FIG. 2 is a block diagram of a computer system (such as the first computer system 10 or the second computer system 30) in which a portion of the present invention may be embodied. Other embodiments and configurations of the computer system are also within the scope of the present invention. More particularly, each of the computer systems 10 and 30 may be computers such as PCs or workstations running on any of a variety of operating systems. The computer system may include a processor unit 50, a main memory unit 52 for storing programs and/or data, an input/output controller 54, a network interface 56, one or more input devices 58 (such as a keyboard and the mouse), a display device 60, a fixed or hard disk drive unit 62, a floppy disk unit 64, a tape drive unit 66 and a data bus 68 coupling these components to allow communication therebetween. The configuration of the computer system is not limited to the configuration shown in FIG. 2.

One or more computer programs may define the operational capabilities of the computer system. The computer programs may be loaded into a computer system via the hard drive 62, the floppy drive 64 and/or the tape drive 66. Alternatively, the computer programs may reside in a permanent memory location (e.g., a ROM chip) of the main memory 52.

FIG. 3 illustrates various layers of the computer system in the software and the hardware in accordance with an example embodiment of the present invention. Other embodiments are also within the scope of the present invention. More specifically, FIG. 3 shows an application layer 200, a fast file transfer protocol (FFTP) layer 210, a file transfer protocol (FTP) layer 220, a transport protocol (TCP) layer 230, a device driver 240 and communications hardware 250. As is well known, the communications hardware 250 may be the physical means of sending data over lines (i.e., the electrical, mechanical and functional control of data circuits). The transport protocol layer 230 and the file transfer protocol layer 220 may also correspond to well known layers in the art. The application layer 200 may contain functions for particular application services such as file transfer, remote file access and virtual terminals. Embodiments of the present invention may be provided within the fast file transfer protocol layer 210 although embodiments may also be provided within the application layer 200. The fast file transfer protocol layer 210 may be provided within the first computer system 10 and the second computer system 30 (and any other relevant computer system). The fast file transfer protocol layer 210 may be software containing program instructions to perform features of the present invention as will be described below.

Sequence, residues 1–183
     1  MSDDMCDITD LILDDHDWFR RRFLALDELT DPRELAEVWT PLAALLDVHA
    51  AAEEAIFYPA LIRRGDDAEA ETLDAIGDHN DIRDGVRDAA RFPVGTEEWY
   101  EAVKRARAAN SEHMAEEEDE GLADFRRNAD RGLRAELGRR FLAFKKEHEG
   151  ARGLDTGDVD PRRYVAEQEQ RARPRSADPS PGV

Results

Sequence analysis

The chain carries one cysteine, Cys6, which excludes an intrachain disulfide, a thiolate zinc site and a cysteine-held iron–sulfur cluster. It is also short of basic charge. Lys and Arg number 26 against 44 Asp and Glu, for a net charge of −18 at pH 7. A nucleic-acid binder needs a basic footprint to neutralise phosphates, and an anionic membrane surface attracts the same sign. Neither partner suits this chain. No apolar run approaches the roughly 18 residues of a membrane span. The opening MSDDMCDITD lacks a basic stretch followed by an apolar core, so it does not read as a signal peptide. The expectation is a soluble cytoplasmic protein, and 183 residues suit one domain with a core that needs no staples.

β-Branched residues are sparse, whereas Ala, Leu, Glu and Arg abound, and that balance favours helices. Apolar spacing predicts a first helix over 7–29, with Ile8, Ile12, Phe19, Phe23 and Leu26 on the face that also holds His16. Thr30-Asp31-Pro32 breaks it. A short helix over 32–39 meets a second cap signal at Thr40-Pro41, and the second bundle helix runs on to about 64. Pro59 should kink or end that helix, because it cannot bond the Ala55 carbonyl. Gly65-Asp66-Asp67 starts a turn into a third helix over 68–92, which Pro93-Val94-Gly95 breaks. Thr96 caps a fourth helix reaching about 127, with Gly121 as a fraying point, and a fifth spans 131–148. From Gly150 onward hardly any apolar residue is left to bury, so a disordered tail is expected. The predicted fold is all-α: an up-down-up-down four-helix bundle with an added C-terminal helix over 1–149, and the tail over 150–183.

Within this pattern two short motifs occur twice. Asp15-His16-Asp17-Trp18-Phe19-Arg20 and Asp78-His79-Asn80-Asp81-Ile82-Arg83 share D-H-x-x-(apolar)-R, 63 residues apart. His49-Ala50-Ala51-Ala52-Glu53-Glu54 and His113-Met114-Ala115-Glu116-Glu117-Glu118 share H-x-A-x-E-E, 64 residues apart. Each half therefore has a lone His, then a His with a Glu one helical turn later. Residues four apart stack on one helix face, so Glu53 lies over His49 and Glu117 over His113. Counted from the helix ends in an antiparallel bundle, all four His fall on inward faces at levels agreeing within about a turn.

As discussed above, one problem with FTP is that latent networks reduce the FTP transfer rates. That is, a file transfer over a latent network may involve the sending of packets from the originating system (such as the first computer system 10) and the transmission of an acknowledgment back to the originating system before subsequent packets can be sent from the originating system. This process may be slowed down due to the higher latency on the network thereby increasing the waiting time for acknowledgements.